Install and use Docker at Ubuntu 14.04

  • 2020-05-30 21:26:11
  • OfStack

Docker is open source software that encapsulates both an Linux application and its dependencies (such as configuration files) into a single container. However, unlike virtual machines, Docker USES a sandbox mechanism where the Docker container does not run the operating system, but shares the operating system on the host. Next I will install and use Docker on Ubuntu 14.04.

Docker enables more applications to run on the same server -- it does so by providing an additional layer of abstraction and operating system-level virtual automation. Docker was developed in the Go language and released under the Apache 2.0 license.

1. Requirements for Docker

To install Docker on Ubuntu 14.04 x64, you need to make sure that the version of Ubuntu is 64-bit and that the kernel version is larger than version 3.10.

1. Check the kernel version of Ubuntu

# uname -r 

2. Update the system to ensure the validity of the software package list

# apt-get update

3. If the version of Ubuntu is not satisfied, you need to upgrade Ubuntu

# apt-get -y upgrade

2. Install Docker

Once all the requirements are met, you can start installing Docker. Docker initially only supported Ubuntu, but later there were releases of CentOS and other RedHat related packages. Setup is simple, execute the command:

# apt-get -y install

3. Create links

Create soft links

 # ln -sf /usr/bin/ /usr/local/bin/docker
 # sed -i '$acomplete -F _docker docker' /etc/bash_completion.d/

4. Check the Docker service

To verify the status of the Docker service, execute the following command to ensure that the Docker service is started.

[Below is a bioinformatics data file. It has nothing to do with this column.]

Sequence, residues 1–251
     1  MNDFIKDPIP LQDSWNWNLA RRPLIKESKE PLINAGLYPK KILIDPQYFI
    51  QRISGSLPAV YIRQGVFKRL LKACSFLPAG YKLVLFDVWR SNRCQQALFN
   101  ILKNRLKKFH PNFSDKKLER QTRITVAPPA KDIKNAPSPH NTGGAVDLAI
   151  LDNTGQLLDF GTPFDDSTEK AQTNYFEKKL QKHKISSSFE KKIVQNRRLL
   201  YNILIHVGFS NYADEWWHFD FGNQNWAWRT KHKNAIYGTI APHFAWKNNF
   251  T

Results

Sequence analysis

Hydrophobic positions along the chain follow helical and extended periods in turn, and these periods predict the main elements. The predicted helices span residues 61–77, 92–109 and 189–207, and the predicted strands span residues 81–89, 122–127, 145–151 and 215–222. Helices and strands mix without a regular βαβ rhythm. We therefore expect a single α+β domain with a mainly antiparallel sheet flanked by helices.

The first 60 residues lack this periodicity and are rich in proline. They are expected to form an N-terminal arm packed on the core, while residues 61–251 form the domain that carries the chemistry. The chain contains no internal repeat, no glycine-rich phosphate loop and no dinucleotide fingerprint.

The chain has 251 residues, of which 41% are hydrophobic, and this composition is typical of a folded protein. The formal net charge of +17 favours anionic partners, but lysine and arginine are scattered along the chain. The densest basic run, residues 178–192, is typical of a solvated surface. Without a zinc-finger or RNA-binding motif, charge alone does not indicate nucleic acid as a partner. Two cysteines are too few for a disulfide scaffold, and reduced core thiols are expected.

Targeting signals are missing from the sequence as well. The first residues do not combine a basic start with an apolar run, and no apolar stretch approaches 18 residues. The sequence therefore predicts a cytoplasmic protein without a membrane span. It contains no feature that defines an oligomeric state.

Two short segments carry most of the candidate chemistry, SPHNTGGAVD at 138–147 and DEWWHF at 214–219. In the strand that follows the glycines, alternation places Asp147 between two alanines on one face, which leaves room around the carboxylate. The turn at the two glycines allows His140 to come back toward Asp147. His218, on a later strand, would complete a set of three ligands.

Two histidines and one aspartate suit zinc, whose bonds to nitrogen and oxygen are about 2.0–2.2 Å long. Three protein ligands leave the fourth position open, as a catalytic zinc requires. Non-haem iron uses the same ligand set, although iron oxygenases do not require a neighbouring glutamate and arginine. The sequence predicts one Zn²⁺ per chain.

# service status start/running, process 14394

To run Docker as a daemon, execute the following command :(note that the Docker service must be turned off first)

# docker -d &

5. Docker self-starting service

Install Docker as a self-starting service and let it run automatically when the server is started. Execute the following commands:

# update-rc.d defaults

6. Use of Docker

Here's how to use Docker. To see the commands available for Docker, run the docker command on the terminal, which prints a list of all available commands and a description of how to use them.

# docker

7. Docker container download

Next, we will use the docker command with the pull option to pull an image and download an Docker image from the Docker registered server's software store.

The commands used are as follows:

# docker pull ubuntu

This command will take some time to execute.

8. Run the Docker container

You can now see that setting up the Ubuntu container under Bash Shell is as simple as running 1 line of command.

-i option: allow input and output to be done on the standard console

-t option: assign 1 tty

# apt-get update

Therefore, in the output prompt, you can see the standard Ubuntu container in use.

You can now use Bash Shell in the Docker container of Ubuntu. If you want to stop/disconnect, you can use the key combination Ctrl-p + Ctrl-q and return to the previous window.

9. Docker group

Create an docker user group, avoid using root users, and have users in the docker user group have the same permissions as root.

# apt-get update

You can now log out of the current user and log in using docker.

10. Docker test

To view the output, execute the following command:

# apt-get update

The output in the snapshot shows that the docker user is working properly.

101. Docker is available in containers

The available containers for Docker can be found through the search command, and the community has provided a number of available containers. To find available Docker containers, use the following command to search CentOS's Docker container.

# docker search centos

102. The conclusion

This article is an introduction to Docker, and there are many challenges to go further.

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